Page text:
An interview with dancers and the choreographer of ‘Cock-Pit’

Cock-Pit (Wen Wei Dance)

Fleck Dance  Theatre, Harbourfront Centre
Friday April 9 – Saturday April 10, 2010 at 8pm

Regular Ticket: $28, Student/Senior/CADA Ticket: $18

http://www.danceworks.ca or (416) 973-4000

Silent Auction Fundraiser for DanceWorks: April 9 at 7pm. Come bid on wine, dance books, coffee makers, and vouchers for everything from Flight Network to massage therapy. All items include a pair of DanceWorks tickets for the remainder of the season.

An interview with Wen Wei Wang (WW), artistic director of Wen Wei Dance and choreographer of Cock-Pit, and dancers Alison Denham (AD) and Josh Martin (JM). Interview by Lucy Rupert.

All three were asked the same questions and have responded from their unique perspectives within the context of Wen Wei’s work.

Lucy Rupert: Has creating Cock-Pit been different from other processes with Wen Wei Dance?

Wen Wei: The use of four men and one woman for the piece was very unusual. This piece is really about the men and their lives during transitional periods. In this work I also used voice for the first time.

Josh Martin: Cock-Pit was actually the first time I’ve worked with Wei and I’m glad that my first encounter was working on a brand new creation. It’s completely different and far less stressful to start with a clean slate rather than walking into a remount of a piece that already exists, which I had to do in the fall when we toured his older work Unbound. It’s much easier to insert yourself into a new work as it’s being formed.

With Cock-Pit I felt like each of the dancers, and their different personalities, were all helping to shape the work as it unfolded. For the first couple weeks of the process we were very much “at play”. We had a lot of freedom with the movement (and use of the feathers), which allowed us to really put our own style and strengths into what was happening on stage.

With other processes I’ve been involved in, it’s similar. But I think Wei really has a great talent for letting the dancers be themselves while still getting across the images and movements he’s trying to create. I think it’s always a tough balance finding that control, and some choreographers have a more difficult time discovering the pre-existing qualities of the performers that suit and benefit the work as a whole. I really feel a strong sense of trust when I work with Wei.

Alison Denham: Cock-Pit is my third creation as a dancer with Wen Wei Dance. In all three of these creations Wen Wei has utilized his dancers for their unique qualities. With Cock-Pit he has dug deeper into this interest and has therefore brought about a new energy based partly on his dancers’ backgrounds and abilities, as well as his growth as a dance artist and his courage to take risks.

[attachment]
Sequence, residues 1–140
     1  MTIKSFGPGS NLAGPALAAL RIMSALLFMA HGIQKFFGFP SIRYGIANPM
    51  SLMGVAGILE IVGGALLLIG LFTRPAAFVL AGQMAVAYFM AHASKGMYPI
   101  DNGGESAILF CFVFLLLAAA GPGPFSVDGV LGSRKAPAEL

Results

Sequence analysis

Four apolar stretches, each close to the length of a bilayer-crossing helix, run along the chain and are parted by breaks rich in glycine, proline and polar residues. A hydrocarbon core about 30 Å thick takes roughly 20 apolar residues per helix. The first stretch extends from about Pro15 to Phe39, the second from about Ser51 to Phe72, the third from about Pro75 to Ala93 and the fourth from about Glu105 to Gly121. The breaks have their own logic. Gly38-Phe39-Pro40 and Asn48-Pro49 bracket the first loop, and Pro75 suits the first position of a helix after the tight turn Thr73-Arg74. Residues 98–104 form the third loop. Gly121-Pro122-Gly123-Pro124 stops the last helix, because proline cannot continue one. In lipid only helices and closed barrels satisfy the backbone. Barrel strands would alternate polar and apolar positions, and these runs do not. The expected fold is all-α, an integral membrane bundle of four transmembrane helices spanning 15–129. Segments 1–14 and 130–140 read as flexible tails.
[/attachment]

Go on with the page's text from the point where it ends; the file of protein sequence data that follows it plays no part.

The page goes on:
How do you think about ‘props’ so that they become, as they do in this work, more than just props?

WW: These are feathers used by the Beijing Opera. I think of them as extensions of the body and the creature world.

JM: The great thing about the feathers is that they are already associated with a living, breathing, moving animal. It makes it that much easier to see them attached to living breathing, moving dancers. I don’t know about other props, it’s tough. How we did it with the feathers was simply imagining them as extensions of our body or limbs or … other parts … ahem … and created the movement with that visualization. It’s all about acting in complete control of them. You question less why something is on stage when it is treated as if it’s your own arm. Once you’re in control, the feathers become part of the dance, and not separate entities distracting the audience away from your hard work. I hope.

AD: The feathers become extensions of the body. There is a lot of exploration of the different ways the body can be affected and defined by where on the body we attach the feathers. They offer images to the audience and movement impulses to the dancers.

What is your favourite image or moment in Cock-Pit?

WW: My favourite image is when the male dancers put the feathers into the female dancer’s hands. Then she becomes a big bird.

JM: Most of my favourites involve the only female member of the cast. Ali [Alison Denham] has this section where she sort of becomes this huge raptor bird with a headdress, and takes complete control of the stage after the men have been so dominant. She has a lot of soft moments so it’s really powerful when you get to see her take charge … I feel like she actually is “holding all the cards” in this piece.

AD: The ending image. To me it delivers the humanity of the piece. The fact that we are all connected despite our differences.

From your perspective, how has the work changed since its premiere?

WW: The whole piece is tighter and more focussed.

JM: It’s faster. When we first created the work, it felt like it all came at you at an even pace, moving softly and continuously from section to section. Now, for some reason, I feel it has more fluctuation in the energy and things happen a bit more rapidly. There are more abrupt transitions, which I think is a nice change from all the cross-fades.

AD: Since the premiere in February 2009, Cock-Pit has definitely grown. Wen Wei has reorganized and re-imagined some of the elements and it is more cohesive and grounded as a whole.

What is one question that no one has ever asked you about your life/work as an artist, but that you wish someone would ask? And what is your answer to that question?

WW: Sorry. I don’t know.

JM: “How did you get so good at ballet?” (I can dream, can’t I?) My answer: “None of your damn business.”

AD: “Why are you interested in dancing and interpreting other peoples work?”

To that I would answer, “Because I am fascinated by people’s imaginations, and by my own capacity to strive and be an open, available ingredient in the realization of their visions.”

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